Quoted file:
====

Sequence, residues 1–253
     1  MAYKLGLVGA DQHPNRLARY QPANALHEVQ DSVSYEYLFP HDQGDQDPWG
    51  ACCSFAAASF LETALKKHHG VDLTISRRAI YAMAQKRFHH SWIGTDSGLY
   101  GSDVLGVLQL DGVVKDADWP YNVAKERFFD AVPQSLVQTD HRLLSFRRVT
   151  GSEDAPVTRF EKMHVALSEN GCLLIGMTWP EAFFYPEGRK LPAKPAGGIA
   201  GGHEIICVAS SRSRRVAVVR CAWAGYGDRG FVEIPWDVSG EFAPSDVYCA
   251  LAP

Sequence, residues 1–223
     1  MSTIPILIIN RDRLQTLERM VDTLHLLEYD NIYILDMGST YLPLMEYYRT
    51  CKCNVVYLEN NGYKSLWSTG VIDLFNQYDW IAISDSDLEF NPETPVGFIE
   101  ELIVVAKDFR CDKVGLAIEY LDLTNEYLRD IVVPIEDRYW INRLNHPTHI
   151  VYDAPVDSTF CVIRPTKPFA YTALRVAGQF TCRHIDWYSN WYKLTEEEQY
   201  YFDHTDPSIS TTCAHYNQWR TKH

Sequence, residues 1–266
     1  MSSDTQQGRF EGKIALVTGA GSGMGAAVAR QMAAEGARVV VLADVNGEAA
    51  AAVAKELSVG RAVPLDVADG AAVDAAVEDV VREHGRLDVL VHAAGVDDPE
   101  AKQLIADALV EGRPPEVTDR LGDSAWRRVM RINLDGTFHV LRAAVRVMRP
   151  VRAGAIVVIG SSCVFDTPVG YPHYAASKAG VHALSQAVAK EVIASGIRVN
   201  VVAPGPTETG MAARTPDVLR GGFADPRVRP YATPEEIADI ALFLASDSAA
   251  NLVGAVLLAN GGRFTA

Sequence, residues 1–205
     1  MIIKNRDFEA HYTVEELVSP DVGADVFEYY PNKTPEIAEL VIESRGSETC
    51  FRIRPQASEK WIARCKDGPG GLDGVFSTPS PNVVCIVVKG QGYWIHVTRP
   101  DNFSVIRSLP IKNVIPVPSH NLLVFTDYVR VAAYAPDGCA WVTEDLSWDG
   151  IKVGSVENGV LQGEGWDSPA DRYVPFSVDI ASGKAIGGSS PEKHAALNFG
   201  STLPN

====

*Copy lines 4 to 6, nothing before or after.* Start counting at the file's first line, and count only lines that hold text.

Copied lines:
   101  GSDVLGVLQL DGVVKDADWP YNVAKERFFD AVPQSLVQTD HRLLSFRRVT
   151  GSEDAPVTRF EKMHVALSEN GCLLIGMTWP EAFFYPEGRK LPAKPAGGIA
   201  GGHEIICVAS SRSRRVAVVR CAWAGYGDRG FVEIPWDVSG EFAPSDVYCA